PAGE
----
The heights of some of these volcanoes can readily be overlooked because so much of them is below sea level. Take the two highest, for example, Mauna Kea and Mauna Loa, and note that they stand, like all the others, on an undersea platform that rises far above the general level of the seafloor. A single contour line representing one and a half miles of depth can be drawn to encompass all of Kauai, Oahu, Maui, and Big Island. Even this measurement does not reach far enough. The average depth of the ocean floor in this part of the Pacific is approximately three miles. The identification of a hot spot anywhere on the surface of the globe provides one location that is fixed with respect to the earth’s mantle. This is very valuable because all else is relative. All the plates are moving and have no fixed reference to the interior of the earth. It’s the same with midocean ridges, oceans, and continents. These hot spots are found in a number of places all round the world but their behavior over time is difficult to track if they occur on land. It is a much easier task when the spot is in the ocean so the Hawaiian-Emperor Chain is an ideal model for studying the historical process.

Over the long seventy million years that we can trace this chain before the oldest of the volcanoes disappears beneath the Asian continent at Kamchatka, we can see a clear pattern developing for each individual volcano. First, as the Pacific Plate moves westward and volcanic eruptions decrease, the rock that formed the mountain gets cooler and cooler and therefore heavier. This increasingly heavy mass then presses down on the seafloor and pushes it downward. At the same time, erosive forces go to work on the top of the peak, first rain and wind, then ocean waves, until it is almost flat. The end result is a series of underwater volcanic mountains, each the same height above the seafloor, but with the flat top of each progressively deeper and deeper below sea level. The ocean floor had sunk but each mountain ended up as a similar landform.

Because of their universal and multi-faceted influence over conditions in the state of Hawaii, we need to be aware of the evolution of a typical Hawaiian volcano before examining its effects in daily life. Although the final appearance and size of a volcano will be unique, each one in the chain evolved and is evolving through the same sequence of stages. First comes the eruption of small quantities of lava deep in the ocean over the hot spot, gradually increasing in quantity until it reaches a peak about half a million years later, after which the amounts decline. Several million years may pass before eruptive activity finally ends and the volcano becomes extinct.

The volcano’s life begins deep down below the ocean surface as submarine eruptions build a steep-sided, small mountain with a shallow caldera. As the young volcano grows, small landslides cut into its steep slopes, scarring them. This first phase lasts about 200,000 years but produces only a small part of the final mass. An increase in the frequency and volume of eruptions marks the second phase along with changes in the composition of the basaltic lava. This is Loihi’s present stage of development and, before it is completed, Loihi will be close to the surface of the ocean and explosive, ash-generating eruptions will become common as lava mixes with water.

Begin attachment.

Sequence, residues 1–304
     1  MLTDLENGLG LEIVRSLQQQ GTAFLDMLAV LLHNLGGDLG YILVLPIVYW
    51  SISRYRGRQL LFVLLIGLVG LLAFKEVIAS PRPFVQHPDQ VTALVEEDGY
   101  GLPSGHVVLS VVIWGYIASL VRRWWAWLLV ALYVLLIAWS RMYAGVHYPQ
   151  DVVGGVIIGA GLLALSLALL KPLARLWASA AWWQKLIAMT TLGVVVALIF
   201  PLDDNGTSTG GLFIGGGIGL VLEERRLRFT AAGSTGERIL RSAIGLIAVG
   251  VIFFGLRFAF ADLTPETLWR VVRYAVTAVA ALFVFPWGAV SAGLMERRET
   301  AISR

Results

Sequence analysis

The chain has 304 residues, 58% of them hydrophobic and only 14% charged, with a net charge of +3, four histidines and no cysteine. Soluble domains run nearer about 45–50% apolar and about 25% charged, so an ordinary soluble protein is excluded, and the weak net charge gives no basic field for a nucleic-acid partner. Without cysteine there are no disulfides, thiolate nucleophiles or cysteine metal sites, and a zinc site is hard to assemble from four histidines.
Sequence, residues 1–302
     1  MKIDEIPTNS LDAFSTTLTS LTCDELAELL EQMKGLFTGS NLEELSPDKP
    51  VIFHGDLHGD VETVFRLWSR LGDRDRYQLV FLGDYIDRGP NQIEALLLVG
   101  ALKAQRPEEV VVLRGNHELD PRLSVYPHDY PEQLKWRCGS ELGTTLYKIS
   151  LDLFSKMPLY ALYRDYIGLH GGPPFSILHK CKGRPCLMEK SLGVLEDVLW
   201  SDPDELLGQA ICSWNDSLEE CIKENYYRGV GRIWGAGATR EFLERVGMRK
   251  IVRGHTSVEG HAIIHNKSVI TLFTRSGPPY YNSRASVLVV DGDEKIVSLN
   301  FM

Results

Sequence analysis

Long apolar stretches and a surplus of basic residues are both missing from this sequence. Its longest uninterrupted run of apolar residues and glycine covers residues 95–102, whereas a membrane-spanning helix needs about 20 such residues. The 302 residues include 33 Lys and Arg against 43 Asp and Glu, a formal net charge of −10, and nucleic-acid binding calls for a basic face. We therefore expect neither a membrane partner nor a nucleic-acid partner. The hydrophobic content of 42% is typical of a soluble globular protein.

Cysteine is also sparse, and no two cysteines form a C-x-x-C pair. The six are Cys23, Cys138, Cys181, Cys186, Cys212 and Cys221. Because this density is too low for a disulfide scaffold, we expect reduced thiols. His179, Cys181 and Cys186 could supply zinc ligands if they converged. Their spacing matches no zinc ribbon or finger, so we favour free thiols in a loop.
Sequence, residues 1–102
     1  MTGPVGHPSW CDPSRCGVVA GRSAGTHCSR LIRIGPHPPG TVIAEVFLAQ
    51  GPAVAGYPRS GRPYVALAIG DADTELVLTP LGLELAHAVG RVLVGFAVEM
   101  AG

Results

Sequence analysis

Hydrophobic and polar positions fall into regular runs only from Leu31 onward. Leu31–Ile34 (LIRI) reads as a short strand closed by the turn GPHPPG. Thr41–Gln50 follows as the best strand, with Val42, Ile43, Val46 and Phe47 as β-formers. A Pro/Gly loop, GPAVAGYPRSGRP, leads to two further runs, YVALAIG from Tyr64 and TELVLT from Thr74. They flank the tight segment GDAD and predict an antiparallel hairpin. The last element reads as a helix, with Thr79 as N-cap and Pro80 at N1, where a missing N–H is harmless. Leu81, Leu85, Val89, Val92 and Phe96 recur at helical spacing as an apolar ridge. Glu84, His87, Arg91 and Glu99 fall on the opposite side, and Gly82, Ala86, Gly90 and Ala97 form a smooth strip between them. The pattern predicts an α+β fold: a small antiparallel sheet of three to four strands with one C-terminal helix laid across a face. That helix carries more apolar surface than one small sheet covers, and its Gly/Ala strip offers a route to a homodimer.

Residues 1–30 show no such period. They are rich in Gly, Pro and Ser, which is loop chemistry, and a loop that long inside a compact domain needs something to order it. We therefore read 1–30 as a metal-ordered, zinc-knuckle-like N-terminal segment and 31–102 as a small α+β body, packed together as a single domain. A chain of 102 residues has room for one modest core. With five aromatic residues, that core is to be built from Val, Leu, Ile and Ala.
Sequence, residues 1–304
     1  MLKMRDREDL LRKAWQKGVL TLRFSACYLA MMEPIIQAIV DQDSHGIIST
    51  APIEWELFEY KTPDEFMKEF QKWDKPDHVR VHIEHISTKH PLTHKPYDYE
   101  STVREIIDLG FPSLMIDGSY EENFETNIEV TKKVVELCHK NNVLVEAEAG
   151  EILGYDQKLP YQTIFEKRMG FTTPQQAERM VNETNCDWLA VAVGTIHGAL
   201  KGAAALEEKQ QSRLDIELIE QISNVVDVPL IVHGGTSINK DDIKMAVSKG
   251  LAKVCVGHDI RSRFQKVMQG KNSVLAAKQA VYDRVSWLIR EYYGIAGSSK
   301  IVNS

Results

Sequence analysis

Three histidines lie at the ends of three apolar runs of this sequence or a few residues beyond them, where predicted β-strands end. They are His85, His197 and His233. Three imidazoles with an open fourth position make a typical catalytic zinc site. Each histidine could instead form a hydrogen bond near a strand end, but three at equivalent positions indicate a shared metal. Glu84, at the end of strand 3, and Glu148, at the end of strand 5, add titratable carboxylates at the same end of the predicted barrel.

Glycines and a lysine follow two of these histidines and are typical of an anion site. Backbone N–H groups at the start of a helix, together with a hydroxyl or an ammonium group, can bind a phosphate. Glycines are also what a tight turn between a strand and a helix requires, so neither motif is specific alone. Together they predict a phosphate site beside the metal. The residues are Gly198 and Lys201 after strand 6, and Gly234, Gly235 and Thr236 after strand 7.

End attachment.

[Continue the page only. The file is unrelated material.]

The third phase is when the volcano has grown to more than two thousand feet above sea level and explosive eruptions begin to taper off. Lava flows are now low in volume and continue intermittently for several hundred thousand years. The type of lava emitted is shaped by the slope of the ground and the physical properties of the erupted basalt, and is most commonly basalt. Lava that flows into the ocean shatters into sand and gravel-size fragments and these blanket the submarine slopes. During all three phases, the summit caldera repeatedly collapses, fills up, then collapses again. By the end of half a million years, more than 90 percent of the volcano’s mass has been accumulated and it looks like a warrior’s shield, hence it has come to be known as a shield volcano.

Weathering and erosion now take their toll of the high, steep-side mountain. The side of the mountain that is closest to the sea and therefore not supported as well as the landward side slips readily toward the ocean, creating large faults and causing major earthquakes. Occasionally there are catastrophic landslides. Recently, vast fields of debris, some of it in large blocks, have been discovered all around the major islands. These submarine deposits suggest that major landslides must have occurred every 150,000 years on the average. Over time, deep canyons cut into the flanks, often along faults previously created by landslides.

At the same time, the volcano’s enormous weight pushes the underlying lithosphere downward. Mauna Loa, for example, the world’s biggest volcano, has a volume of more than one and a half million cubic feet. Under these conditions the volcano begins to sink and as this happens fringing coral reefs grow at the shoreline with sediments from the reefs accumulating in lagoons. In some Hawaiian Islands, remnants of these ancient reefs can be seen. During times of global cooling when polar ice caps grew and sea levels dropped the volcanic shorelines remained at the same level for long periods of time, allowing numerous large reefs to grow.

Beneath Mauna Loa, because of its enormous weight, the ocean crust is depressed approximately 1,500 feet, forming a hollow known as the Hawaiian Deep. In the adjacent waters the seafloor rises by about the same amount to form the Hawaiian Arch. Kilauea is 250,000 years ahead of Loihi in its evolution. It rose above the surface of the ocean 200,000 years ago and within the following 100,000 years had grown to a height of 2,000 feet above sea level. One of the interesting comparisons between Loihi and Kilauea is that both have three main areas of volcanic activity: the summit and two flanking rift zones. Though widely separated in time it seems that their patterns of growth take similar paths.